Interesting, when you look at a picture of protesters fleeing tear gas, you can't be sure if its Egypt or America....
A year or so ago, I was drawing a neat little diagram for my customers, that explicated my analysis of the e-books.
It was a graph with two lines, that crossed in the middle.
One was the age of the ebook reader, crossed by the age of readers in general.
"When the age of the readers meets the age of the ebook reader, it will be all over."
Thing is, I had the graph backward. I can see that now. The assumption was that ebook readers would be younger, and most book readers were older, so the lines crossed in the middle, like an X.
Instead, it pretty clear that it's older, more affluent readers who are buying ebooks. So the future is already here. The lines are running parallel upward.
I think the adoption rate will slow down as those readers who are interested and can afford to go that route are absorbed.
But -- as you can see, I've been wrong before.
Saturday, November 19, 2011
The following isn't meant to be an argument for or against the Occupy Wall Street movement. (I happen to think it's important) but about the way the protest is developing and how the establishment is responding to it.
The establishment had come out of the '60's having learned to respond to mass movements very effectively. I think, in fact, that's one of the reasons there haven't been many since then. They knew better how to respond, and even more importantly, how NOT to respond.
(Well, that and the backlash by middle America against the protests. The protest movements learned from the backlash, as well. (Gay rights and feminism). But mostly, I think the establishment learned how to deal with opposition very effectively.)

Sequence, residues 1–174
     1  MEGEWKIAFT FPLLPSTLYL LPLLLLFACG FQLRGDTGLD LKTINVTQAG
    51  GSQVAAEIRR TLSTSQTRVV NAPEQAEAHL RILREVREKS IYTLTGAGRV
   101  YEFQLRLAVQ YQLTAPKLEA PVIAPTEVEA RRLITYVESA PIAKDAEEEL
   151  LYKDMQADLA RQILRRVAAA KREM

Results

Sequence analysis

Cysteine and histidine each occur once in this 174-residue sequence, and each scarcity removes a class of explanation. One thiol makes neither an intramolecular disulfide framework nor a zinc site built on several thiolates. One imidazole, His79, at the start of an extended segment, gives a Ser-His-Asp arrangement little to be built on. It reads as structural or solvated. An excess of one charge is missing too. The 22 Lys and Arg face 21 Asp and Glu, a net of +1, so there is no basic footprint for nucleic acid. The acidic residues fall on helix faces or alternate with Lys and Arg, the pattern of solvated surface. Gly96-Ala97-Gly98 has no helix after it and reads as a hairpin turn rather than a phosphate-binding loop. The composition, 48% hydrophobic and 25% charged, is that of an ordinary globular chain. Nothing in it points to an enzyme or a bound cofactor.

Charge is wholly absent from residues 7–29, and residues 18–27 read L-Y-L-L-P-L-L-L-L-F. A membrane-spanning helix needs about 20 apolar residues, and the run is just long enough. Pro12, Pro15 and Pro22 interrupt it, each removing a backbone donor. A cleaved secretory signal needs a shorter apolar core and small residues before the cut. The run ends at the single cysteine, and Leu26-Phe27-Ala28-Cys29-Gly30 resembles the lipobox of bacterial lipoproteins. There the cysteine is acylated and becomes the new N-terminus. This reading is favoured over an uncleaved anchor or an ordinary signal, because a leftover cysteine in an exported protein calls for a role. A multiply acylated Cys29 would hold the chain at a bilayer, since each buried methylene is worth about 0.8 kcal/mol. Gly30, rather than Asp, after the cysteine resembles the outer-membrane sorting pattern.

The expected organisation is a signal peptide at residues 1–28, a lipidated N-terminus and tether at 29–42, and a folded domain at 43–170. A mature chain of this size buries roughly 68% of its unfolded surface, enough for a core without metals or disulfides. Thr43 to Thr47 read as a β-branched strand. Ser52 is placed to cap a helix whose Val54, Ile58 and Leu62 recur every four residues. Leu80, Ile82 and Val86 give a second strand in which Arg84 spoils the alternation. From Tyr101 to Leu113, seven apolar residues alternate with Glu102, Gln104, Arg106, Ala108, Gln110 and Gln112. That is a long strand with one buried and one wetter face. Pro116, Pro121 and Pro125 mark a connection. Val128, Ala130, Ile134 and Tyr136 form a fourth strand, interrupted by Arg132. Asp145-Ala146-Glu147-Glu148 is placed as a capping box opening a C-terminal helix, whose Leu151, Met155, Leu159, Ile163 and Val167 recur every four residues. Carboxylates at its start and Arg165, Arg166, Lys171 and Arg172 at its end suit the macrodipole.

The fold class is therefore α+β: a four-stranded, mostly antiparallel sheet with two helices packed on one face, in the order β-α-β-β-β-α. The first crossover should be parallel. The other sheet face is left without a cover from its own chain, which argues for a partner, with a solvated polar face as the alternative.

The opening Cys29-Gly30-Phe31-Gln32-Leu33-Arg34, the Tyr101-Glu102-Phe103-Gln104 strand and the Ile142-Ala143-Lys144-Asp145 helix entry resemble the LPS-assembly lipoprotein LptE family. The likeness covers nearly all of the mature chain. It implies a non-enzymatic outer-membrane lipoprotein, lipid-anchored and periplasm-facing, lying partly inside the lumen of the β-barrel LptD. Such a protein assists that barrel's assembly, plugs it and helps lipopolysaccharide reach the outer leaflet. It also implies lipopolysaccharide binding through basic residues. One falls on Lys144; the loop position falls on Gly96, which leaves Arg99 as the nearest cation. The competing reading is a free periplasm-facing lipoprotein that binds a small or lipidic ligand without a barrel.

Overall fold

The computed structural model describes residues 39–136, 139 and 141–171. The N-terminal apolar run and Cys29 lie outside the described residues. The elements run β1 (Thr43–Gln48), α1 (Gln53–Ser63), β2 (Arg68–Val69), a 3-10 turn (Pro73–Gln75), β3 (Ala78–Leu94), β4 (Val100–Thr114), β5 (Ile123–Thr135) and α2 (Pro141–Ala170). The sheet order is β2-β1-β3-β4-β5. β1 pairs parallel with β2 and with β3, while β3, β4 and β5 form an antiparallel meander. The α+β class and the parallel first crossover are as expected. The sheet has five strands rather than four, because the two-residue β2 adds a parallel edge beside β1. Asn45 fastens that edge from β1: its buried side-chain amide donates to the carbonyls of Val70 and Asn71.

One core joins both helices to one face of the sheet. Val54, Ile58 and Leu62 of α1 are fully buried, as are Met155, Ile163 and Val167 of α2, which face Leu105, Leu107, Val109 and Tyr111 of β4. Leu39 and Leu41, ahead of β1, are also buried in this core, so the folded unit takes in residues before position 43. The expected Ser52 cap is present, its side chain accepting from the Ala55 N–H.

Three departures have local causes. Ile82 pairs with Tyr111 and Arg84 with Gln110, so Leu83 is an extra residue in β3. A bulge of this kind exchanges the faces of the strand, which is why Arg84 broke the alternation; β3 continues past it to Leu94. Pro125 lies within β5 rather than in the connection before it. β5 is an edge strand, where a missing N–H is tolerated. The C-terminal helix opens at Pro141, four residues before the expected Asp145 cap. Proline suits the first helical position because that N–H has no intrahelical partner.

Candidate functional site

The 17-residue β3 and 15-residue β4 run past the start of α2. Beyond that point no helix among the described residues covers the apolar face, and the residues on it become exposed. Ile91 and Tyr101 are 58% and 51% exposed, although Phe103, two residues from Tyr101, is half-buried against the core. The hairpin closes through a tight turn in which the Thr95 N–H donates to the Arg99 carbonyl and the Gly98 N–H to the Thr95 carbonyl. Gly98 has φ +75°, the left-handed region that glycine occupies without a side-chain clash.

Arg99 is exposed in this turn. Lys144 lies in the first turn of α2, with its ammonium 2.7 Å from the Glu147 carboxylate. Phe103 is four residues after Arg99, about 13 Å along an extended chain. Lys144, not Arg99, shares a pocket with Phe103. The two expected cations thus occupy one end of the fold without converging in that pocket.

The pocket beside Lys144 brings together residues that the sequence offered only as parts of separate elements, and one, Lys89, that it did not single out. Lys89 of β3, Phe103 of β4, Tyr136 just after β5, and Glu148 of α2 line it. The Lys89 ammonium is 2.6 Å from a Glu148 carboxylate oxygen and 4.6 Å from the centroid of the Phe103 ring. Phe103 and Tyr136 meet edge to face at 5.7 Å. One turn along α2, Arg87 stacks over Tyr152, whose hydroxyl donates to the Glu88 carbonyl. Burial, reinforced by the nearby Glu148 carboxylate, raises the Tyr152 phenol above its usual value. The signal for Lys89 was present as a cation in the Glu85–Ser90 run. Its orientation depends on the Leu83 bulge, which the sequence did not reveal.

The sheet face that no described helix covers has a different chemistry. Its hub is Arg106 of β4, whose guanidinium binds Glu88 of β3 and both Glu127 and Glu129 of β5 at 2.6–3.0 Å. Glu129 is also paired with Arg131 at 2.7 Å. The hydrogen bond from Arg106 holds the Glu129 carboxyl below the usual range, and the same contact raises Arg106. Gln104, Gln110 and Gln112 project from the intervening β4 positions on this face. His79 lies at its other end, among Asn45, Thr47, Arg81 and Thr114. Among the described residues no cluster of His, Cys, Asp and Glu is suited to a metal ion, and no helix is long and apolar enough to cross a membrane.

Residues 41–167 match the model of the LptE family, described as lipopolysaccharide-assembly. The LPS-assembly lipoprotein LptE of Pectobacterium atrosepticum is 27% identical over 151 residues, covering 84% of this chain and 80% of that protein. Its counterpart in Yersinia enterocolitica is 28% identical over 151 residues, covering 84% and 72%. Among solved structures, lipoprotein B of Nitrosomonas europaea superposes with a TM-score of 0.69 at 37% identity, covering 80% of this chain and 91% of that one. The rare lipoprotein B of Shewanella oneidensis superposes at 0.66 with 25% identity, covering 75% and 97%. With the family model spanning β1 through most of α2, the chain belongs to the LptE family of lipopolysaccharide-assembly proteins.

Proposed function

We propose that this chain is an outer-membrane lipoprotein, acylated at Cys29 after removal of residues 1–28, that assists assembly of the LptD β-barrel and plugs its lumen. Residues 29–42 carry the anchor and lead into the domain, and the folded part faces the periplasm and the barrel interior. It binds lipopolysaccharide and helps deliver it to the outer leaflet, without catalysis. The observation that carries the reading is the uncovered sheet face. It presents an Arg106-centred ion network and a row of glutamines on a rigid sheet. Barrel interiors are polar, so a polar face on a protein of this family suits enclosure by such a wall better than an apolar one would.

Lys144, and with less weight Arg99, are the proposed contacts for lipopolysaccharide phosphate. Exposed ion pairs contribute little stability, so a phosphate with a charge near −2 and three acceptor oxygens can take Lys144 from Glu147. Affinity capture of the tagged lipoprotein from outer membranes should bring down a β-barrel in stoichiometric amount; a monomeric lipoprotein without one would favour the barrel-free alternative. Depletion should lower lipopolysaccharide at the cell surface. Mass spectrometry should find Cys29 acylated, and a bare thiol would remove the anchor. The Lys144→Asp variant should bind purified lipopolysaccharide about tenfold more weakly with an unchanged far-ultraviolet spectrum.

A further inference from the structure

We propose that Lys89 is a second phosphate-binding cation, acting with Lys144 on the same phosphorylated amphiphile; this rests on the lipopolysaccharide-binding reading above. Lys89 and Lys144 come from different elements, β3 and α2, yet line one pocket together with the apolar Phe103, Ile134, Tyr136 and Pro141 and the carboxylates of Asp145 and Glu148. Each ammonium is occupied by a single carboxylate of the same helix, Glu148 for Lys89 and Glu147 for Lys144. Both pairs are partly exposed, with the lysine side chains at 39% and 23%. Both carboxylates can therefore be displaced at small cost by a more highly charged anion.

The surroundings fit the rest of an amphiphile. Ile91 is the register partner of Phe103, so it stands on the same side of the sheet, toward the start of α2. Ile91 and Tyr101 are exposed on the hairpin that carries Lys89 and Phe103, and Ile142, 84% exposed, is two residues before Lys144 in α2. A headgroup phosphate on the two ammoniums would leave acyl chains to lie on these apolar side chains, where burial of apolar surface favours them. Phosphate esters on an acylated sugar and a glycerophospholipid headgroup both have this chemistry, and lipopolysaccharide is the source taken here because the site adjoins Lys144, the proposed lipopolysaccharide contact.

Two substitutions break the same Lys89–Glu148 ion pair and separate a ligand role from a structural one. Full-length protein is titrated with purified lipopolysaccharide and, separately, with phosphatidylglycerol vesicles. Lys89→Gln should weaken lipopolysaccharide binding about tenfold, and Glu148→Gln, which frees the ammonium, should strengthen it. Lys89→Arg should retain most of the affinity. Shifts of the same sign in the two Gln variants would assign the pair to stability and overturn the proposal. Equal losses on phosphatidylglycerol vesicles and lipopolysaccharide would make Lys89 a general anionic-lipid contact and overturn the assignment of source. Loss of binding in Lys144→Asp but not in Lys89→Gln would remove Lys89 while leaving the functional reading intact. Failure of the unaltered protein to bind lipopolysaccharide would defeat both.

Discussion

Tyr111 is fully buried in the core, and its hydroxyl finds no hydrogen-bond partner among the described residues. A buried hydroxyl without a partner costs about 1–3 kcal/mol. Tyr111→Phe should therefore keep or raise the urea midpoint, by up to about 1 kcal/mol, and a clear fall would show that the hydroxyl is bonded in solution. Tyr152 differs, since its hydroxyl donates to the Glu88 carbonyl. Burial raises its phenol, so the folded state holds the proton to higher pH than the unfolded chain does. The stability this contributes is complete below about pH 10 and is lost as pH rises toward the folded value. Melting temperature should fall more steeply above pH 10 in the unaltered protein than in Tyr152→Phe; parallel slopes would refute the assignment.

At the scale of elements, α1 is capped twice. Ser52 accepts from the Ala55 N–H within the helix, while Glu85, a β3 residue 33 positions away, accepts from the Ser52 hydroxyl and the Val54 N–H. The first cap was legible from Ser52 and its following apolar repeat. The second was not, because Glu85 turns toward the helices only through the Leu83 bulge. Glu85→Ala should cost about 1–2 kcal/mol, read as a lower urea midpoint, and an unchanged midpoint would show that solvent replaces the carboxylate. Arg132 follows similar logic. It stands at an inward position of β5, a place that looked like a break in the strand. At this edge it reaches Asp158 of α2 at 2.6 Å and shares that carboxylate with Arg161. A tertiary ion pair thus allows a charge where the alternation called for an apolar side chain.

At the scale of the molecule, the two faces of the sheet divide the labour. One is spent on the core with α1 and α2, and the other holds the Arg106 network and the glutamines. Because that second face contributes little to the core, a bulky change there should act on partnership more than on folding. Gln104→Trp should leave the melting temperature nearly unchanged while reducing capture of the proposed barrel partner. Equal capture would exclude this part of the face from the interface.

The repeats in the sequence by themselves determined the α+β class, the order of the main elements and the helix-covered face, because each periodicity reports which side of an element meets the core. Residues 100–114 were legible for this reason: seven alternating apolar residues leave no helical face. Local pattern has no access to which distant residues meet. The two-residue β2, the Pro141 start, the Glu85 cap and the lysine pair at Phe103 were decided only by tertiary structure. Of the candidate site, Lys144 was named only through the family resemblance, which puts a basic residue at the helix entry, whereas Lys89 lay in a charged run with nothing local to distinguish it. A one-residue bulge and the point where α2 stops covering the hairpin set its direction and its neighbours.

One thing that was an absolute no-no in the face of non-violent protest was a forceful response.
Pouring syrup on young people sitting at a lunch counter and punching them. Letting loose dogs on them. Power blasting them with fire hoses. Pulling them off buses and beating them. Meeting them at a bridge and charging them with batons. Throwing them in jail.
Not a good idea unless you want to give the protest movement legitimacy.
Strangely enough, the second best strategy by the establishment is -- to do nothing.
You wait them out. You cooperate. You give in a little.
Even better, you "co-opt" them. That's the best strategy of all.
You say to the protest encampment, "Please pick a person who can speak for you and who we can liaison with."
Then you take that person into your sphere of influence, and you say, "Wow. I'm really impressed by your commitment to free speech. How about if we appoint you to our blue ribbon committee. Or, you know, we could pay you a small stipend to help us understand your movement."
And you keep doing that. Taking them in, watering it down, being as soft as a marshmallow. Until you own them or you've dissipated the energy. I think, really, that happened rather quickly to the Tea Party movement.
But what you don't do is dress up in black uniforms and helmets and guns bristling and pepper spray or punch them in the stomachs. This isn't a slam against the police, but against the 'look' of the authorities right now. Not a real good image. Especially if you use force.